The president will call on Congress to approve new spending on transportation infrastructure during a visit to St. Paul, Minn., on Wednesday.
More than eight in 10 Democrats say they want Hillary Clinton to run for president in 2016, according to a New York Times/CBS News poll.
The longest-serving member of the House, Michigan Democrat John Dingell, announced his retirement Monday after a record 29 terms. “I find serving in the House to be obnoxious,” Dingell, 87, told the Detroit News. Democratic strategist Debbie Dingell plans to run for her husband’s seat.
The New York Times’ Jonathan Martin writes that Tuesday’s campaign event with Kentucky Democratic Senate candidate Alison Lundergan Grimes and former President Bill Clinton could serve as an example for other red-state Democrats running in 2014.
Mitt Romney, the GOP’s 2012 presidential nominee, Tuesday urged Arizona Gov. Jan Brewer to veto a bill that would allow businesses to refuse services to gay and lesbian customers based on religious beliefs. Arizona’s two Republican senators, John McCain and Jeff Flake, have also signaled their opposition to the measure.
Romney has endorsed the Count My Vote initiative in Utah to replace nominating caucuses and conventions with direct primaries.
The Cleveland Plain Dealer’s Henry Gomez details the highlights from Ohio Gov. John Kasich’s state of the state address Monday night.
With an approval rating of 36 percent, Pennsylvania Gov. Tom Corbett trails several possible Democratic challengers in a Wednesday Quinnipiac poll. At the top of the pack, Democrat Tom Wolf holds a 52-33 percent lead over the Republican incumbent.
South Carolina Sen. Lindsey Graham holds a strong lead over June’s GOP primary field, but hasn’t cracked the 50 percent support that would preclude a runoff, according to a new Winthrop University Poll.
The New York Times’ Jeremy Peters makes note of the GOP leaders in the House who are facing primary challenges.
New Jersey Gov. Chris Christie’s job approval rating has dropped 15 points since the George Washington Bridge lane closure scandal, according to the latest
Monmouth University/Asbury Park Press poll. Wednesday’s New York Times/CBS News poll shows more Republicans would prefer he not run for president in 2016 (41 percent) than say they want him to (31 percent).
WNYC’s Matt Katz explains how “Bridgegate” has pushed New Jersey residents’ frustrations about a slow Sandy recovery into starker relief.
Christie made no mention of Sandy when unveiling his $34.4 billion budget before a joint session of the Legislature Wednesday. He announced the largest public pension payment in state history, but warned against the mounting cost of “entitlements.”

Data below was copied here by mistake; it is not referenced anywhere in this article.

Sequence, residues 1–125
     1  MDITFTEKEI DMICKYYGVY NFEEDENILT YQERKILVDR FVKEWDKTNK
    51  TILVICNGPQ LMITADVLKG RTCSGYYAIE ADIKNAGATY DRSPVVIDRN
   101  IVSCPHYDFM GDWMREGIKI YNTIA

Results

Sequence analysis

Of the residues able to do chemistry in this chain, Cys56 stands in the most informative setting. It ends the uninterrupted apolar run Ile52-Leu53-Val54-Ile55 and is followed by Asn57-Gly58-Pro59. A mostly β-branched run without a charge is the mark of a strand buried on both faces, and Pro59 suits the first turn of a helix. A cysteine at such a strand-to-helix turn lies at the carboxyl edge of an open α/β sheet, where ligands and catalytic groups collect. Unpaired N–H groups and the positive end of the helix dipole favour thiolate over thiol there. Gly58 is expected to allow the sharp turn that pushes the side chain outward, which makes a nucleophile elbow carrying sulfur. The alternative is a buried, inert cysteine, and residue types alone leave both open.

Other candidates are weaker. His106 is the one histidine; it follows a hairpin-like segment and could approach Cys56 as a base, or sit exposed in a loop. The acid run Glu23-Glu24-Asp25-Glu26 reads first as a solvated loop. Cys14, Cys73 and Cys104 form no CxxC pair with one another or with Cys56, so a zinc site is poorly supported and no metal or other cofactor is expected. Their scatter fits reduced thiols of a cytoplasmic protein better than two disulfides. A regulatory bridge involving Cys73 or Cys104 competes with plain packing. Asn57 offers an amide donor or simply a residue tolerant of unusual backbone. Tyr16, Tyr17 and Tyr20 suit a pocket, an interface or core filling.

Most leading presidential contenders don’t have to worry about their re-election, National Journal’s Scott Bland writes, but for Scott Walker, winning a second term as chief executive of the Badger State in 2014 is no foregone conclusion.
Roll Call profiles Texas Sen. Ted Cruz’s tweeter-in-chief, senior communications adviser and speechwriter Amanda Carpenter, whose strong following on social media distinguishes her from typical Hill staffers.
- Jeffrey Brown spoke with Carlos Gutierrez of Republicans for Immigration Reform and Henry Munoz of the Democratic National Committee about a private sector initiative they founded with former Washington Post owner Donald Graham that would help undocumented immigrants finance college study at U.S. public institutions.
- Defense producer Dan Sagalyn followed the debate over grounding one of the Air Force’s reliable standbys — the A10 Warthog, used to protect troops on the ground.
Politics Desk Assistant Ruth Tam examines South Carolina Sen. Tim Scott’s participation in public events marking Black History Month.
Close eyes. Repeat mantra "baseball, baseball"… MT @StewSays: AlertDC: Today's forecast calls snow, mainly before noon,1 to 3 inches poss
— Paul Singer (@singernews) February 26, 2014
— Philip Rucker (@PhilipRucker) February 26, 2014
Obama's gonna be a HUGE asset when Dems are still clinging to Senate control in the 2022 midterms.
— davecatanese (@davecatanese) February 26, 2014
Everyone who knew Harold, loved Harold. He was a brilliant writer, hilarious comedic actor, influential director, & wise, loving friend. -Al
— Al Franken (@alfranken) February 24, 2014
A genius. A legend. A man who made the world laugh. A man who made the world a better place. A life, fully lived. pic.twitter.com/9qSlzwijLq
— Stay Puft (@StayPuft) February 24, 2014
Ruth Tam contributed to this report.